Broadleaf weeds can make a lawn look unsightly, and broadleaf weed killer is an easy short-term fix to rid your lawn of infestations. But it’s critical to understand how broadleaf weed control works, when it should be used and what to expect when it is applied. It’s not always as simple as running to your local hardware store, buying a bottle of weed control, and emptying the canister onto your lawn.
There are three types of weeds: broadleaf weeds, grassy weeds, and sedges. How you deal with each differ. For example, at first glance, you might think crabgrass is a weed like any other. But it’s actually much different than other weeds. We apply broadleaf weed control during each contracted visit when it’s safe for your lawn.
There are countless types of broadleaf weeds. These can be categorized into winter, summer, and annual. Winter annuals germinate in late summer and grow through the fall. They then continue to grow the following spring. Summer annuals begin to germinate as soon as the soil begins to warm up in the spring, and they grow throughout the growing season. Their life cycle is one growing season; although they can be perennial or biennials. Finally, perennials are never-ending headaches that can reproduce through extensive root systems or by seed. Here’s a common, but not extensive, list of broadleaf weeds you may see in your lawn:
- White clover
- Prostrate (spotted) spurge
- Wild violets & ground ivy
- Texas ragwort
Broadleaf weed killer can control these weeds and dozens more not listed here. However, each weed reacts to weed control differently depending on its type and the time of year it’s sprayed. For example, it’s recommended to attack ground ivy—also known as Creeping Charlie—in the spring and in the fall; although we’ve found that it’s responds best to weed control in the fall. A summer application will have little to no effect because the ivy isn’t actively growing; we’ve found it only burns the leaves and turn them white. But the weed itself is mostly not affected. In the fall, the broadleaf weed control will have a better chance of translocating to the ivy’s roots, suppressing growth and eventually killing the weed. The one thing to keep in mind is that if ivy is present in flower beds, it can continue to creep out into the lawn.
Broadleaf weeds should only be sprayed when they’re actively growing. And, to prevent turf injury, applications should not be applied when temperatures are too hot or humid, or the UV index is high.
Grassy weeds are as they sound…plants that resemble their counterparts but can be more invasive, damaging, and unsightly. Grassy weeds emerge as one leaf from a single grass seed. Some, such as quackgrass, are perennial, while others, such as crabgrass, are annual. Grassy weeds develop round stems, which are hollow, and nodes, which are closed and firm.
Regular broadleaf weed control, which typically contains the active ingredient 2-4D, will not work on grassy weeds. You’ll need specialized herbicides to kill or at least manage them. And it’s likely to take multiple applications or seasons to get them under control.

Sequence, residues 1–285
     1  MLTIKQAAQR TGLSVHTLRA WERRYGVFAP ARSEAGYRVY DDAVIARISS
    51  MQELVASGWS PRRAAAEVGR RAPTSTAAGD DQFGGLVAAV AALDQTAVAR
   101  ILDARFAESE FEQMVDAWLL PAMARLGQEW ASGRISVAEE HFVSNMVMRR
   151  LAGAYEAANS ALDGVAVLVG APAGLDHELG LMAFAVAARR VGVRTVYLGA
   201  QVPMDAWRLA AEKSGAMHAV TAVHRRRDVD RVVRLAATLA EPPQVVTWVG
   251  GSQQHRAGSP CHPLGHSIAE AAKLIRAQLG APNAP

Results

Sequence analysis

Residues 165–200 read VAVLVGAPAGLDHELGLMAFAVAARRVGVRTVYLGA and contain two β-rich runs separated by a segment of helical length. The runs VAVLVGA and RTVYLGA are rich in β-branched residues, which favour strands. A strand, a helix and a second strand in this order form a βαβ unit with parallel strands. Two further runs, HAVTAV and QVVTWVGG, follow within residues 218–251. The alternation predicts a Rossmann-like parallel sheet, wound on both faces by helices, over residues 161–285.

Keep in mind: Grassy weeds aren’t the same as broadleaf weeds. In fact, what some people consider ‘grassy weeds’ aren’t considered ‘weeds’ at all depending on where and how they’re planted. For example, creeping bentgrass is usually considered an undesirable grass in lawns because it looks unsightly and sticks out. But it’s often a desirable grass on golf courses. In this blog post, we’ll consider most grasses that aren’t your typical desirable grasses (e.g., kentucky blue grass, tall fescue, and rye grass) as non-desirable grassy weeds. These can include:
- Tall fescue
- Creeping bentgrass
- Annual bluegrass
- Wild onion
It’s also important to consider the weather. Some grassy weeds, like crabgrass, emerge in mid-summer when it can be too hot and humid to apply any kind of herbicide to lawns.
Sedge weeds are different than weedy grasses and broadleaf weeds. They’re easily distinguishable by their blades, which have three-sides, and by how quickly they grow compared to surrounding turf. The easiest way to remember the difference between a sedge and a grass is by the phrase “sedges have edges.”
Sedges have one, embryonic first leaf that emerges from a seed. However, similar to grassy weeds, sedges form in clumps. What makes sedges so difficult and sometimes impossible to eradicate is their deep root system (either rhizomes or tubers). These can extend a foot or more beneath the soil.
There are different types of sedges, but the two you’ll most often see are purple and yellow nutsedge. These typically spread underground via what’s called ‘rhizomes.’ New plants may spread upwards of 10 feet away, which can make infestations especially problematic. While there are herbicides that can kill nutsedge, there are caveats. Lawns that are completely infested with sedge may have to be redone. If this is the case, all tubers must be removed or the sedge could return. Typical broadleaf weed control will not kill sedges.
Our lawn care fertilizer and weed control services care for residential and commercial properties in parts of Norfolk and Bristol County, Massachusetts. Towns include: Foxborough, Mansfield, Wrentham, Walpole, Plainville, Franklin, Norfolk, Stoughton, Sharon, Canton, North Attleborough, Attleborough, Easton and Norton, and parts of Medfield, Medway & Millis. Learn more about our Complete Lawn Care program.
Your trusted lawn care provider and lawn pest exterminator
We service parts of Norfolk and Bristol County, Massachusetts. Towns include Foxborough, Mansfield, Wrentham, Walpole, Plainville, Franklin, Norfolk, Stoughton, Sharon, Norwood, Canton, North Attleborough, Attleboro, Easton, Norton, and parts of Medfield, Medway & Millis. Learn more about our Complete Lawn Care program.